Author + information
- Received June 9, 2004
- Accepted August 16, 2004
- Published online November 16, 2004.
- ↵*Reprint requests and correspondence:
Dr. Otto M. Hess, Professor of Cardiology, Swiss Cardiovascular Center, University Hospital, 3010 Bern, Switzerland
Hypertrophic cardiomyopathy is a primary myocardial disorder with an autosomal pattern of inheritance characterized by inappropriate myocardial hypertrophy. Annual mortality has been reported to be 1% to 2% and sudden death represents the most common cause. Treatment strategies are 1) medical therapy in patients with mild to moderate symptoms, 2) reduction of septal hypertrophy by surgical myectomy or alcohol ablation, and 3) implantation of an automatic cardioverter-defibrillator in the presence of non-sustained ventricular tachyarrhythmias. A debate has been started on whether surgical myectomy or alcohol ablation of the septum is the appropriate treatment for hypertrophic obstructive cardiomyopathy. Surgical (transaortic) myectomy has been the gold standard in the past 20 to 30 years for treatment of symptomatic patients with significant hemodynamic outflow tract obstruction. However, modern interventional technologies allow reduction of the myocardial septum by injection of alcohol into the first or second septal branch under guidance of two-dimensional (2D)-contrast echocardiography. This percutaneous technique not only has a lower morbidity than surgical myectomy but can be guided precisely by 2D echocardiography. One potential complication is transient (<30%) or permanent (<10%) atrioventricular block III; however, this complication is relatively rare. A randomized trial comparing the two treatment modalities is lacking, and the chance is small that such a trial will be performed because alcohol ablation can be done with high success and low complication rates, leaving only complex interventions (with valvular reconstructions and so on) for surgical myectomy.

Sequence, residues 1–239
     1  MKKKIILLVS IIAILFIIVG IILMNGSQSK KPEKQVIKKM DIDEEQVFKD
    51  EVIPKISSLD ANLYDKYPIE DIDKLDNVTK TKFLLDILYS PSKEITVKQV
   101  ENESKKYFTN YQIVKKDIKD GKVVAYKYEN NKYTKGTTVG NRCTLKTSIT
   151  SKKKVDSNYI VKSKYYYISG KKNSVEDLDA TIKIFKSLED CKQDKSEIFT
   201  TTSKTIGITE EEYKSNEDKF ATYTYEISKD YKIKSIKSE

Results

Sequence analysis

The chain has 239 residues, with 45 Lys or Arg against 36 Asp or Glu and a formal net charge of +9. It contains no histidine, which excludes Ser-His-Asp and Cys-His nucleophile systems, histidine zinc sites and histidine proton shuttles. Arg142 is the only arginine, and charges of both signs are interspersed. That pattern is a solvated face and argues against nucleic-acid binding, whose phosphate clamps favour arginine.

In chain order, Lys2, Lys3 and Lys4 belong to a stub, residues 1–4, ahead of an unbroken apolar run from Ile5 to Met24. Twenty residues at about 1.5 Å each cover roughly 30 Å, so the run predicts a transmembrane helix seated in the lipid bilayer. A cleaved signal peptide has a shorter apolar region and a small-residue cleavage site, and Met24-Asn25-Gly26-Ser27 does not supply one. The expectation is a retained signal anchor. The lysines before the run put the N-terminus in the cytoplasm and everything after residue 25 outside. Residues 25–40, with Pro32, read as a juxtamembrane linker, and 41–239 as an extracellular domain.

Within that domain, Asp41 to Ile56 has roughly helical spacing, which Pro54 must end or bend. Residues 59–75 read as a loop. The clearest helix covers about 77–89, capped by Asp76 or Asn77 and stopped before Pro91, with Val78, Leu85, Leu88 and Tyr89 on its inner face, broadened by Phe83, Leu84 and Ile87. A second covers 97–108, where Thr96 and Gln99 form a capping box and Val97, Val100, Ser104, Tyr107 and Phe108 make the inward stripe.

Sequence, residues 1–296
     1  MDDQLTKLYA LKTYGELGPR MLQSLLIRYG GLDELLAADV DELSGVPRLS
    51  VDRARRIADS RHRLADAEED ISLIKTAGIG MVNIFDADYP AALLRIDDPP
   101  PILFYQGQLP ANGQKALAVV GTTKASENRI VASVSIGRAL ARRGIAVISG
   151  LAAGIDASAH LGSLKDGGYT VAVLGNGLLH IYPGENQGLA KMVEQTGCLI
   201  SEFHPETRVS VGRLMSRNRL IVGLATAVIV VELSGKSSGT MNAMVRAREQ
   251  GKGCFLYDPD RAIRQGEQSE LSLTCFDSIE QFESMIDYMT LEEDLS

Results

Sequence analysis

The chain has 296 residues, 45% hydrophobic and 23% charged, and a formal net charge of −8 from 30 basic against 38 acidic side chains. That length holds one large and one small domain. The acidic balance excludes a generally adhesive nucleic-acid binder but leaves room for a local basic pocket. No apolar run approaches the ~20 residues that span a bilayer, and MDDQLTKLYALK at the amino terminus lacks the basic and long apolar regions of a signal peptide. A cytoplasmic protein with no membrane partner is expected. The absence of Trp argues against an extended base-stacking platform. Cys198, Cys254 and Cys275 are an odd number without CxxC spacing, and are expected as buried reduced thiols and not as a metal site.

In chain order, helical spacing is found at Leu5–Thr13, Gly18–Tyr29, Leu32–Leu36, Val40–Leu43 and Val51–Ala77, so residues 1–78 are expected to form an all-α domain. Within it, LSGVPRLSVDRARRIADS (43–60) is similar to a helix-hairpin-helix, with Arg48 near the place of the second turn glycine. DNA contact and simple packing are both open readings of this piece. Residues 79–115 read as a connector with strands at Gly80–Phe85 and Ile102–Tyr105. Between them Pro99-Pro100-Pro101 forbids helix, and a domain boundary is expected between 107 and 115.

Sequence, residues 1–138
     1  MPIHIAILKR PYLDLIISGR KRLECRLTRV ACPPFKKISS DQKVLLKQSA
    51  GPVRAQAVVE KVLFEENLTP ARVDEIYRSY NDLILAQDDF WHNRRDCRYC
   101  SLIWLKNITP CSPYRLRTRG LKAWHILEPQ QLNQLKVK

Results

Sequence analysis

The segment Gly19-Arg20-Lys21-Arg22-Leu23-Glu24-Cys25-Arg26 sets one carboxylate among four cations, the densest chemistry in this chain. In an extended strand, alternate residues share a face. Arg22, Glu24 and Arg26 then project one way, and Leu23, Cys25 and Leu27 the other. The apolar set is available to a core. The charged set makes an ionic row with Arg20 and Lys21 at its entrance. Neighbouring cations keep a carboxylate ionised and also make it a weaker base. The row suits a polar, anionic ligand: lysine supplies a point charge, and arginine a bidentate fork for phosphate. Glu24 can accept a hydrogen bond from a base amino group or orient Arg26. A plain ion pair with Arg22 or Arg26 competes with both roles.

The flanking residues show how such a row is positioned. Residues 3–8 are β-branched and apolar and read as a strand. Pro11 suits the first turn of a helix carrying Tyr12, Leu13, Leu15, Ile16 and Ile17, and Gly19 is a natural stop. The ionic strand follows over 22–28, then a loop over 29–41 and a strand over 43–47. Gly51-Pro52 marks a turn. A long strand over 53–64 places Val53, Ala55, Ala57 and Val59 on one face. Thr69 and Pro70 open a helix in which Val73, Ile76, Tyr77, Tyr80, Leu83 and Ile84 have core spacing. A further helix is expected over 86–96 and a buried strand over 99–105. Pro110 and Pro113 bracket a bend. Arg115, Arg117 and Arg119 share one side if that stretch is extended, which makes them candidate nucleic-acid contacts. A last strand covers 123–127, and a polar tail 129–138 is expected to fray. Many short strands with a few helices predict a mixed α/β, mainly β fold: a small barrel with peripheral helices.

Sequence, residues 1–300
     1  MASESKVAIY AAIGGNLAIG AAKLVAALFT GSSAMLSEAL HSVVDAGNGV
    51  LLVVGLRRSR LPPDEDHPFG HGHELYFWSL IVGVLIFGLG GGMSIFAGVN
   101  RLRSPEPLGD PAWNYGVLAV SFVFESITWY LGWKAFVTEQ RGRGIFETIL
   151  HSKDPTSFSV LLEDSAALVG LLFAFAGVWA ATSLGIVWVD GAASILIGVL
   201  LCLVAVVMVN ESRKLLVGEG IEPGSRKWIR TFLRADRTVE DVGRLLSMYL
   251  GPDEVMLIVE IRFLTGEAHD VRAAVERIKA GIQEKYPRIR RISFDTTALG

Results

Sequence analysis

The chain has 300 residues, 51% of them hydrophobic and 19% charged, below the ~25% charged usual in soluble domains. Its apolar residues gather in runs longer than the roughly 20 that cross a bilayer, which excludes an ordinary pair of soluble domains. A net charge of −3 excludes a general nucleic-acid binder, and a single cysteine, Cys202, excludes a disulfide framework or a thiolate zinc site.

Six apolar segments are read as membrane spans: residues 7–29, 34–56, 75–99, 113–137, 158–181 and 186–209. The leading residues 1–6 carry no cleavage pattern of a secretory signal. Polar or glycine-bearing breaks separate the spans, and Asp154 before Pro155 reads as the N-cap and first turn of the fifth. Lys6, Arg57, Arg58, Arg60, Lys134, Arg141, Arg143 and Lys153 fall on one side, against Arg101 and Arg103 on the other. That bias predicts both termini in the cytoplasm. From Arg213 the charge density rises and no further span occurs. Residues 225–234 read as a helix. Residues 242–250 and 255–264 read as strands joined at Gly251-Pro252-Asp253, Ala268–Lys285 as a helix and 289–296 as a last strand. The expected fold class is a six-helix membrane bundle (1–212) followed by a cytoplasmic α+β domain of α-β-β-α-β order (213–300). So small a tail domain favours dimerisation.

- Received June 9, 2004.
- Accepted August 16, 2004.
- American College of Cardiology Foundation